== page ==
WHAT DOES RESEARCH HAVE TO SAY ABOUT EXERCISE AND COMMON EYE DISEASES?
Cataracts – Whether it is a brisk walk or a run through the park, a 2013 study concluded that both activities may be linked with a decreased risk of developing age-related cataracts.
Glaucoma – Doctors treat glaucoma by reducing high intraocular pressure. Studies focused on young adults found that low-impact; moderate exercise resulted in a dramatic reduction in eye pressure.
Age-related Macular Degeneration (AMD) – A research study of around 4,000 senior adults over 15 years concluded that subjects who exercised three or more times per week and were generally active were less likely to develop wet (exudative) AMD. In addition to that, two studies have shown that those who exercise regularly are less likely to develop severe eye diseases. In one study, researchers followed over 5,600 women and men to see if there was an association between ocular perfusion pressure and moderate exercise, a key factor in the development of glaucoma. People who exercised moderately were 25% less likely to develop glaucoma as compared to people who were mainly physically inactive.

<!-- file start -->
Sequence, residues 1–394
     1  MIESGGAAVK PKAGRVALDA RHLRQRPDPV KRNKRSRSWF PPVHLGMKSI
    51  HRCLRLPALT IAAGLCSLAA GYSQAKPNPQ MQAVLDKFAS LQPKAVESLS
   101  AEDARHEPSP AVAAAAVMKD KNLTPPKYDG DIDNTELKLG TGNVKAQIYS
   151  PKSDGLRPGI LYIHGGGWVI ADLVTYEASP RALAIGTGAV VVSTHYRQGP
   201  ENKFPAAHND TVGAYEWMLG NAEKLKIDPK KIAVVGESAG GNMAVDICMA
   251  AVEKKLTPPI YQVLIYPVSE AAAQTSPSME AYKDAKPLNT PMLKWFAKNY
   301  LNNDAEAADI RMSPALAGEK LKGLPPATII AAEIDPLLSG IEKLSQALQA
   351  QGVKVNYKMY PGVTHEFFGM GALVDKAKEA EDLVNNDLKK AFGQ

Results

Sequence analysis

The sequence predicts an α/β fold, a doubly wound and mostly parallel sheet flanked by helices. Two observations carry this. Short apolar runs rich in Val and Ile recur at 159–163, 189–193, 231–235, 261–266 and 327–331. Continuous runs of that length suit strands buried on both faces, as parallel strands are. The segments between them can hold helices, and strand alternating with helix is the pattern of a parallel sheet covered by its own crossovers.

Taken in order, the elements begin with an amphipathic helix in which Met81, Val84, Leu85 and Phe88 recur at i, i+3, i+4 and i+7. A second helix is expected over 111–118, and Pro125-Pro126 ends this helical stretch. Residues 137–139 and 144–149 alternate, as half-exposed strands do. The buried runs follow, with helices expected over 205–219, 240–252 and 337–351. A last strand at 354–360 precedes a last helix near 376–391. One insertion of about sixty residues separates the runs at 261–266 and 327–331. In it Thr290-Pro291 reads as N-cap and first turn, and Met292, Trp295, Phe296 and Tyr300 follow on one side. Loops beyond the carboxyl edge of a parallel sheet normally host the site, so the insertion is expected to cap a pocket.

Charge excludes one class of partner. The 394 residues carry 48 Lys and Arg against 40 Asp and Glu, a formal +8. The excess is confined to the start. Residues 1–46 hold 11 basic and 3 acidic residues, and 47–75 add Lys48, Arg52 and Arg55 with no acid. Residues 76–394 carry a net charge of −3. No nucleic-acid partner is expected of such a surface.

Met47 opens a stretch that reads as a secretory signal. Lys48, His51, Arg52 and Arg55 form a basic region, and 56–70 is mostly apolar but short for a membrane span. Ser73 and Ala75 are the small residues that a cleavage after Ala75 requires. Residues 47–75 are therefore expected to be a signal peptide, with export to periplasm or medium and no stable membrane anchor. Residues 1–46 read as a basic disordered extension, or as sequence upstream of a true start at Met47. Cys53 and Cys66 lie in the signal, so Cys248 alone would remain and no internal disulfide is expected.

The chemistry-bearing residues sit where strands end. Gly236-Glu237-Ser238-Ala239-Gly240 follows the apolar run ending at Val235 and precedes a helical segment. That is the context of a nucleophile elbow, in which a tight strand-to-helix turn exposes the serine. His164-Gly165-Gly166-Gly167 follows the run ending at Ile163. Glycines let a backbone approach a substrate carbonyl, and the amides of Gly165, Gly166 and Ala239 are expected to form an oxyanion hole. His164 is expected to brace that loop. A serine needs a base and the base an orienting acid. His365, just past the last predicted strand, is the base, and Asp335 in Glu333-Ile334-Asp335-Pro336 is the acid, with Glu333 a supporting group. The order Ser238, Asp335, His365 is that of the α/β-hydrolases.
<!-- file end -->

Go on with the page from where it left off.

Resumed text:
In another study, scientists looked at the medical history of over 3,800 people to see if there was a link between AMD and being physically inactive. The researchers found that those who exercised were less likely to develop AMD as compared to those who didn’t.
If you don’t have the time to exercise, you can squeeze in the following tasks to stay somewhat physically active:
• Taking the stairs instead of the elevator
• Walk to your co-worker’s desk rather than sending a text or email
• Perform squats or lunges while brushing your teeth
• Contracting and retaining that position while working on your computer – try for 10 per hour
• Taking the dog for a jog or long walk – squeeze in a few lunges or squats while on the trail